The presepio, derived from the Latin word presepium, meaning manger, has been the defacto symbol of Christmas for Italian families for dozens of generations, and in the South, perhaps as long as a thousand years. Of course, most Italians also have a modern Christmas tree, but the presepio in its simplest form is a tradition of devotion representing the birth of the baby Jesus. These nativity scenes typically consist of a structure to represent the simple barn where Joseph and Mary were forced to give birth to the Son of God. An ox, donkey, angels and perhaps the three Wise Men are typically represented.
But the presepio is often much, much more, showing village scenes from every day life. Its components are mostly handmade from a variety of materials: wood, ceramic, cartapesta (Papier-mâché), terracotta and fabrics. Some scenes include small waterfalls or fountains, houses, buildings, mountains, trees, grottoes, livestock and vendors of all sorts. The details can be absolutely astounding.
There are some characters and elements that many deem essential to the tradition:
Benino or Benito: In the Holy Scriptures this character represents the “sleeping people to whom the angels announce the coming of the Christ”. Originally represented by a sleeping shepherd, but can be any sleeping man.
Benino, the shepherd often sleeps among 12 sheep, to stand for the 12 apostles or the twelve months of the year.
Another figure is the Shepherd of Wonder, shown on his knees, with open arms in front of the Nativity. He is a symbol of admiration and childish amazement, free of sin, in the face of the miracle of birth and regeneration.
The wine cellar and Cicci Bacco: the wine represents the blood of Christ, given to the people for their salvation, while Cicci Bacco is a representation of pagan divinities.
The fisherman: Fish is the first symbol of the christians persecuted during the Roman empire. The character is a “fisherman of souls”.
The Hunter, Both the fisherman and Hunter represent the two activities of human survival and the opposing Death and Life.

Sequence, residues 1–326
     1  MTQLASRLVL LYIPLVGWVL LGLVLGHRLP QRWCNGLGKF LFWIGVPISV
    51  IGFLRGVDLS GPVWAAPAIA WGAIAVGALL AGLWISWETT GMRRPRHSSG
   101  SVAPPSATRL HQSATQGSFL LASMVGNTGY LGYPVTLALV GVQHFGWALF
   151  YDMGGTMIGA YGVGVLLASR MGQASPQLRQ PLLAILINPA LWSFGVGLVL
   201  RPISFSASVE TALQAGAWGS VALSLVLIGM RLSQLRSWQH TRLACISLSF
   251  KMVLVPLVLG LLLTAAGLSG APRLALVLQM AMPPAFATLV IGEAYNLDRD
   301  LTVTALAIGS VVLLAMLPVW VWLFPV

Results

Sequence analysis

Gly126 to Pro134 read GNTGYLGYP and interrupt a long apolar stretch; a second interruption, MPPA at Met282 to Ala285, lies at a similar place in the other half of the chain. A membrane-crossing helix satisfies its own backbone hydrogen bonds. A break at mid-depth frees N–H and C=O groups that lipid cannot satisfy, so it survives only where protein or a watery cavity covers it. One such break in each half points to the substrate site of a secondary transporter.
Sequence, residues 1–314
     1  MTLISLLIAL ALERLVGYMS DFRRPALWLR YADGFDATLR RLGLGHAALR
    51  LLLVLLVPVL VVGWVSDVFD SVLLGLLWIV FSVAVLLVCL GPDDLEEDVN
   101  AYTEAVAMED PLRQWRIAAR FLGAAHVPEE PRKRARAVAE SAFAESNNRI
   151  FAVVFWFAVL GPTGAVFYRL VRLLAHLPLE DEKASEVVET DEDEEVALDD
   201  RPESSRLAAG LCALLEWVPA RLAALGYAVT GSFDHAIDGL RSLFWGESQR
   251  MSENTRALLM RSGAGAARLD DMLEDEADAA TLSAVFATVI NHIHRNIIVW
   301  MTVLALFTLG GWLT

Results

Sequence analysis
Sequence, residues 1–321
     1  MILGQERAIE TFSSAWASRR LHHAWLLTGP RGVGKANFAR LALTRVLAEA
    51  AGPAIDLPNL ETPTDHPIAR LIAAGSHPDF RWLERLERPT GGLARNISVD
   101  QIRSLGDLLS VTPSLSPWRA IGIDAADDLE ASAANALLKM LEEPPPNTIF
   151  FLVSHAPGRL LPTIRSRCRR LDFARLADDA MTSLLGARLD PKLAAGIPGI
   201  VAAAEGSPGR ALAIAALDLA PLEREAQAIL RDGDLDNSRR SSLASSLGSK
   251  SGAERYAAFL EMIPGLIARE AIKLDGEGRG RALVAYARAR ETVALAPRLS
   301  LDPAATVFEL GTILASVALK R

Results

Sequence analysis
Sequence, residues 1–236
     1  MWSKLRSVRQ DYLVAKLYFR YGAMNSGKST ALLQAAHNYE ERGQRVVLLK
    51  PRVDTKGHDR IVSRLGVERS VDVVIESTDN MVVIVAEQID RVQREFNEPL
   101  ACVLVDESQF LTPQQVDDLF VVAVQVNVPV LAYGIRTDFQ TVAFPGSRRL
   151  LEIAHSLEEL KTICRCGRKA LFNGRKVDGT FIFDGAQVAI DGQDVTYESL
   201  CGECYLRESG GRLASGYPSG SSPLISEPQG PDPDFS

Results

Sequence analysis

The two comrades: Uncle Vincenzo and Uncle Pasquale represent Fat Tuesday and the Death, the two moments that open and close the period of commemoration of the death of Jesus before Easter time.
The Three Wise Men: originally represented on the back of three different animals, the horse, the dromedary and the elephant, they symbolize Asia, Africa, and Europe, that find Baby Jesus after a long journey and honor him.
Three female figures: 1) the Young Gypsy Woman with tattered clothes is able to predict the future. She is a sign of misfortune and pain yet to befall Jesus. 2) Stefania is a young virgin who was blocked by angels forbidding unmarried women to visit Our Lady. Stefania swaddled a stone pretending it was her baby and after Jesus' birth, the stone sneezed and became a child--Saint Stephen, whose birthday is celebrated on December 26th. 3) La Lavandaia represents the midwives who discovered after washing the Child, spread out the clothes of childbirth, white because of virginal birth.
In the Neapolitan presepio are found the Card Players "duie cumpare, zi' Vicienzo and zi 'Pascale", "The two cronies" are also nicknamed "the San Giovanni", with reference to the two solstices of December 24 and June 24.
The Monk is often set in a desecrating manner, representing the irony between the sacred and the profane.
The Harlot is a symbol of the carnal, as opposed to the purity of the Virgin. She is placed near the tavern, opposite to the Nativity.
The months of the year are represented as follows: Januarybutcher or grocer; Februaryseller of ricotta and cheese; Marchpoultry man and bird seller; Aprilegg seller; Mayrepresented by a married couple carrying a basket of cherries and fruit; Junebaker or miller; Julytomato seller; Augustseller of watermelons; Septemberseller of figs; Octobervintner or hunter; Novemberchestnut seller; Decemberfishmonger or fisherman
He looks a lot like the Thing in Marvel Comic's, Fantastic Four
On the Cinque Terre coast, the Voyager will come across il Gigante, the gigantic statue of Neptune in Monterosso on the beach near Fegina. Sculpted by the Arrigo Minerbi in 1910, he is over 40 feet tall and holds up part of the Villa Pastine. Neptune used to hold a trident and a giant clam shell above his shoulders that was used as a dance floor by the Villa. During World War II, Monterosso was bombed by allied forces, and the Neptune statue and the Villa suffered serious damage. A strong storm in 1966 damaged the statue even more.
Built in 1930 at Castellammare di Stabia, the Amerigo Vespucci is a full rigged three-masted steel hulled tall ship built in the the style of large late 18th century 74-cannon ships of the line. It is 331 feet long, including the bowsprit, with a beam of 51 ft. The tallest of her three masts is 178 feet tall. Her draft is 23 ft below the waterline with a displacement of 4146 tons. The ship is used as a training vessel by the Italian Navy and carries a crew of 16 officers, 70 non-commissioned officers and 190 sailors, but in summer the midshipmen of the Accademia Navale causes its crew to expand to 450. The ship was named for Amerigo Vespucci, who in the late 15th and early 16th centuries explored nearly the entire coastline of both North and South America, proving that Columbus didn't discover a route to Asia, but in fact came upon a "New World", and two new continents.